Pop Culture dictionary

zero-waste travel

[zeer-oh weyst trav-uh l]

What does zero-waste travel mean?

Zero-waste travel is the act of traveling in a way that greatly reduces one’s environmental impact, specifically by limiting the amount of trash generated. Practices include bringing reusable toiletries containers, portable composting, and consciously minimizing one’s carbon emissions.

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Where does zero-waste travel come from?

We Travel and Blog

Zero-waste travel is part of the zero-waste movement. This environmental movement picked up steam in the early 2000s to promote responsible production (eliminating packaging and toxins), sustainable consumption (use all you can), and reuse (whatever you can’t consume).

Zero-waste refers to the elimination of forms of harmful refuse, especially packaging that ends up in landfills and incinerators. Ultimately, a zero-waste lifestyle generates no trash–nothing that can’t be repurposed in some way. Recycling and composting are pillars of a zero-waste strategy. Reducing single-use plastics has also been a major focus in the late 2010s.

It wasn’t long before the zero-waste movement turned its eye towards travel. In general, traveling can be incredibly waste-intensive, from single-use travel toiletries, to plastic packaging, to the carbon emissions from planes and cars.

The phrase zero-waste travel is evidenced by at least 2012, when Amy Korst included a chapter on it in her book The Zero-Waste LifestyleThe term, and concept, spread in 2015 with bloggers and vloggers documenting their own adventures in–and providing guides to–zero-waste travel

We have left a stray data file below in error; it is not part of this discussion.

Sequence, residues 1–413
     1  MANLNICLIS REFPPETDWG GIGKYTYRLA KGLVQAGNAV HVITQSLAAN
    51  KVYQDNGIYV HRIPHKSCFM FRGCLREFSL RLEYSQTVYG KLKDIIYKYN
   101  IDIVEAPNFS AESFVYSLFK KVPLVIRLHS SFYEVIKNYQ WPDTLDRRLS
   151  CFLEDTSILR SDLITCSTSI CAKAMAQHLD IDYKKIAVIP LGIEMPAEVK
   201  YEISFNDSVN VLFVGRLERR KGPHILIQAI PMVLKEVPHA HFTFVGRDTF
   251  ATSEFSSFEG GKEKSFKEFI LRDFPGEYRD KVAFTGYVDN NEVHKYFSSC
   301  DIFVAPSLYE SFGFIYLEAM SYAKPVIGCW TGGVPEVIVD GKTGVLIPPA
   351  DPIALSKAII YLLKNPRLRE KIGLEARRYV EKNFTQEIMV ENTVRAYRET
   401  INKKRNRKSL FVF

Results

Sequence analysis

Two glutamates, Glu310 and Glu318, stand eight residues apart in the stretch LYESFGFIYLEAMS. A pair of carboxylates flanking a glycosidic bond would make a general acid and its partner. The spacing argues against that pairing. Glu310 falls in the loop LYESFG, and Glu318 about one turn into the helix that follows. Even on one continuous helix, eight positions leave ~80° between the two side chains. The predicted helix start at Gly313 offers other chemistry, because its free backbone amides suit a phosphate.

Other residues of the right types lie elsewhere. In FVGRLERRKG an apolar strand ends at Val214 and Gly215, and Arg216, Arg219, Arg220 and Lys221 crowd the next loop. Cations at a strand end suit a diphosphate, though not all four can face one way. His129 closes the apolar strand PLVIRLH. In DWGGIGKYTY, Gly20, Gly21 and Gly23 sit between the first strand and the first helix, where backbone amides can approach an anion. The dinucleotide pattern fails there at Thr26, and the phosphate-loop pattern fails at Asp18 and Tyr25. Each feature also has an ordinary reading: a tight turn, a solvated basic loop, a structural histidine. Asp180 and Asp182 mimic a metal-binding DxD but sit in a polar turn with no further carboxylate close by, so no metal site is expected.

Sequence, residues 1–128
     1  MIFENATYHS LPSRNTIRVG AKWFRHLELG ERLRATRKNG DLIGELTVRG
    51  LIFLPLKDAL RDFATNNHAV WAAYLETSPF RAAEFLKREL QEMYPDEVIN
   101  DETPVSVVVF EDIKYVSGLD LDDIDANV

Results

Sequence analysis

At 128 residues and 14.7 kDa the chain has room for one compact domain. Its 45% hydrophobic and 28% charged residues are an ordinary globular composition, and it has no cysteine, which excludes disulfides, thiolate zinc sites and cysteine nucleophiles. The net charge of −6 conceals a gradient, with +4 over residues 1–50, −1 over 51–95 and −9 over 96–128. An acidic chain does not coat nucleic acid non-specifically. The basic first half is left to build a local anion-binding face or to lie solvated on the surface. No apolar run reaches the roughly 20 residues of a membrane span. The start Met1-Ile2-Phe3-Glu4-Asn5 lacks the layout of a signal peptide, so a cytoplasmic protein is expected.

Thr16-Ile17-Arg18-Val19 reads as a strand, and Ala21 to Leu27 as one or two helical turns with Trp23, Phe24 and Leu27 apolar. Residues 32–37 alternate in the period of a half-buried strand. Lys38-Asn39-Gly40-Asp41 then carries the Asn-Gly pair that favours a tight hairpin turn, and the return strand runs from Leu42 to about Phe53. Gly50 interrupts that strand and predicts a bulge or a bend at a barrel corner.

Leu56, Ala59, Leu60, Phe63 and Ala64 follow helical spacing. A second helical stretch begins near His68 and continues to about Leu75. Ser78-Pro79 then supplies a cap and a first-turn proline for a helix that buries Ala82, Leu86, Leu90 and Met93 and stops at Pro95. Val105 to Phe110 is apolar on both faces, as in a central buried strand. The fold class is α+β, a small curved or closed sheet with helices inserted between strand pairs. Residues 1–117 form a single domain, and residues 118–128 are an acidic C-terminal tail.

In addition to zero-waste travel, other efforts in the zero-waste movement include zero-waste cities, zero-waste homes, and zero-waste stores.

Examples of zero-waste travel

How can we leave no trace while traveling? One way is through #zerowaste travel! In my latest blog post I break down zero waste travel, complete with a #packinglist for more #sustainabletravel
@inalocamotion, July 2018
Prepare your own zero-waste travel kit before you leave. In addition to your bringing your own food containers and cutlery, pack a small UV water purifier [– we use one called a Steripen –] so that you can always have safe drinking water and never have to buy any plastic bottles.
The Green Shoestring quoted by Sonalie Figueiras, South China Morning Post (headline), November 2018
Going Zero Waste

Who uses zero-waste travel?

Online, people may use the hashtag #zerowastetravel or #zerowastetraveller to share about, encourage, and educate people on zero-waste adventures.

Travel companies, websites, and influencers may also write about zero-waste travel to promote their products and brands—and, above all, a greener lifestyle.

In late 2018, the company Natural Habitat Adventures announced that it will be creating the world’s first zero-waste trip to Yellowstone where all guests will be given a zero-waste toolkit with reusable items. Their aim is for all waste generated from the trip to fit into a single small container. Not quite zero waste, but close. 

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This is not meant to be a formal definition of zero-waste travel like most terms we define on Dictionary.com, but is rather an informal word summary that hopefully touches upon the key aspects of the meaning and usage of zero-waste travel that will help our users expand their word mastery.